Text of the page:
Dan’s Online Diary 

# 1.6.05 by Dan

A tvnz.co.nz article and a nzherald.co.nz article are bemoaning the fact that teenagers just aren't getting the 'safe sex' message. Statistics show that of the teenagers surveyed, half of them are having sex, but only 44% of those having sex are using a condom. Teenagers find the 'safe-sex' message boring and are ignoring it.

Some are pointing the finger at schools, saying their sex education is inadequate, particularly in boys' schools. But really, who is to blame?

You simply cannot blame sex education in schools, nor can you blame the excruciatingly lame television campaigns run by the Ministry of Health.

The most important factor in the issue of sex education is ignored, or worse, deliberately played down. Sex education largely removes the physical act of sexual intercourse from the context of an emotional interpersonal relationship. This is why I believe that children/teenagers are ignoring the message of school- and television-based sex education; it makes them uncomfortable, uneasy, and/or 'grosses them out'. The physical act cannot be divorced from the emotional act, and children/teenagers understand that what they are being taught doesn't make sense, and is of such an intensely personal nature that they shut it out.

So why do they have sex? Surely, given my argument above, you would expect that children/teenagers would shy away from sex. But this is not the case. It is the very same emotional factors that mean children/teenagers do have sex.
Girls are desperate for the love of a man, and errantly see sex as a way of acquiring such love.
A boy desires respect - from particularly from his peers, but also from a girl/girls.
These two emotional needs are natural, and are God given. But the amount of pressure and freedom given by the media and society in general these desires are stirred up and encouraged to be used outside of the context for which they were intended - an exclusive heterosexual marriage.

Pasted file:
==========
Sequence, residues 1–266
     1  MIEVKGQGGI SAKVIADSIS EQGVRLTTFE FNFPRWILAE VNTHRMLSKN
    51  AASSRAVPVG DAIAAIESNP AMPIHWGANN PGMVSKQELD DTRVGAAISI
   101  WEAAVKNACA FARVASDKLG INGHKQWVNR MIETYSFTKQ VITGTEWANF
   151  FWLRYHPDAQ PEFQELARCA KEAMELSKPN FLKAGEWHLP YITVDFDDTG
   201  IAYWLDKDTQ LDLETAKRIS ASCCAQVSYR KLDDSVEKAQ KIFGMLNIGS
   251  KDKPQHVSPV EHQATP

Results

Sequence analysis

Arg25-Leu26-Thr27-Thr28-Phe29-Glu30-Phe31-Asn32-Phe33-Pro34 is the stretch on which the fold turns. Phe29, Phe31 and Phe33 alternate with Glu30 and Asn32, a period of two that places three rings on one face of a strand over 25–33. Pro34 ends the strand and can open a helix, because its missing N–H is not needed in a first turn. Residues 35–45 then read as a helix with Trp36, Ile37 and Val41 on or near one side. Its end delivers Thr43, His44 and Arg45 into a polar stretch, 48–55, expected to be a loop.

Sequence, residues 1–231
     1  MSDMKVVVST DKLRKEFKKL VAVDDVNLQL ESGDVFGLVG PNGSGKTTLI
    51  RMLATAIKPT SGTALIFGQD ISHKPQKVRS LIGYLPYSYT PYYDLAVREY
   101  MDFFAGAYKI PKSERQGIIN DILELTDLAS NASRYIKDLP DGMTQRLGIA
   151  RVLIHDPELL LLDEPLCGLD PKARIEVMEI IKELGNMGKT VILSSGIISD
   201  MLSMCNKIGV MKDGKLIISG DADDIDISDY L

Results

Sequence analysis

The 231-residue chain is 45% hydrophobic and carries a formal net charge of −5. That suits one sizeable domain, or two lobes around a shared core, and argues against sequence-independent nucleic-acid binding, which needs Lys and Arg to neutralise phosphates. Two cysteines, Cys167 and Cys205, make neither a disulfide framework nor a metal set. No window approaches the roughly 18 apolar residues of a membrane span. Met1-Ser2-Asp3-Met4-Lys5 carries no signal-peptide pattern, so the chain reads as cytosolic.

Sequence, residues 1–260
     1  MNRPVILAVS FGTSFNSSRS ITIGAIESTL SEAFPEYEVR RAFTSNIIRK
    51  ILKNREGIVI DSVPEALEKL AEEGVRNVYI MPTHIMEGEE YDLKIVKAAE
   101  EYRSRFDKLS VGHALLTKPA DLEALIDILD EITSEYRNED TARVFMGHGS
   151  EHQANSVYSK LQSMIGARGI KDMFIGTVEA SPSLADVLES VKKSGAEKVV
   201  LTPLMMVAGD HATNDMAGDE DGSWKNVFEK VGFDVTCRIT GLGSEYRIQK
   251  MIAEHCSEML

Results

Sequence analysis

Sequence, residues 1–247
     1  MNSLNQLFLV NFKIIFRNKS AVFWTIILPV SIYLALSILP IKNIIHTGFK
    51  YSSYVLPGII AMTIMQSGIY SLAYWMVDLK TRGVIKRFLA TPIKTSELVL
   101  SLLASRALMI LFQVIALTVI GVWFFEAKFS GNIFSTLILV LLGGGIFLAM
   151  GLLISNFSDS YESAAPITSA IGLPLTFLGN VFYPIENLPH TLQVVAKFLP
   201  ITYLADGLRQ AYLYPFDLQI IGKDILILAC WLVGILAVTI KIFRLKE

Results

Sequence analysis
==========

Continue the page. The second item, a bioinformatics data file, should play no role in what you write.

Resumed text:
So how do we effectively educate our children about sex? Parents, as Scotty has said, are responsible for the education of their children. Parents should have cultivated a strong, trusting relationship with their children, and hence are in the best position to discuss with them such an emotionally sensitive issue. Parents are also best able to demonstrate the loving marriage context in which a sexual relationship is intended.

I lay the responsibility for this nation's teenage sex problems squarely at the feet of parents.

Admittedly, today's environment is not parent-friendly. The government is seeking to move responsibility for children from parents to the state.

This is why teenage sex problems in New Zealand are increasing in parallel with the break down of the nuclear family unit.

The best thing we can do to ensure our children receive adequate and appropriate sex education is to build healthy, strong family units - showing love, respect and honour to our spouses. That places us in the best position to educate our children on the issues of sex when we feel they are ready to hear it. We cannot rely on, or even allow, our precious children to be miseducated by a state that is so far removed from reality as to be dangerous.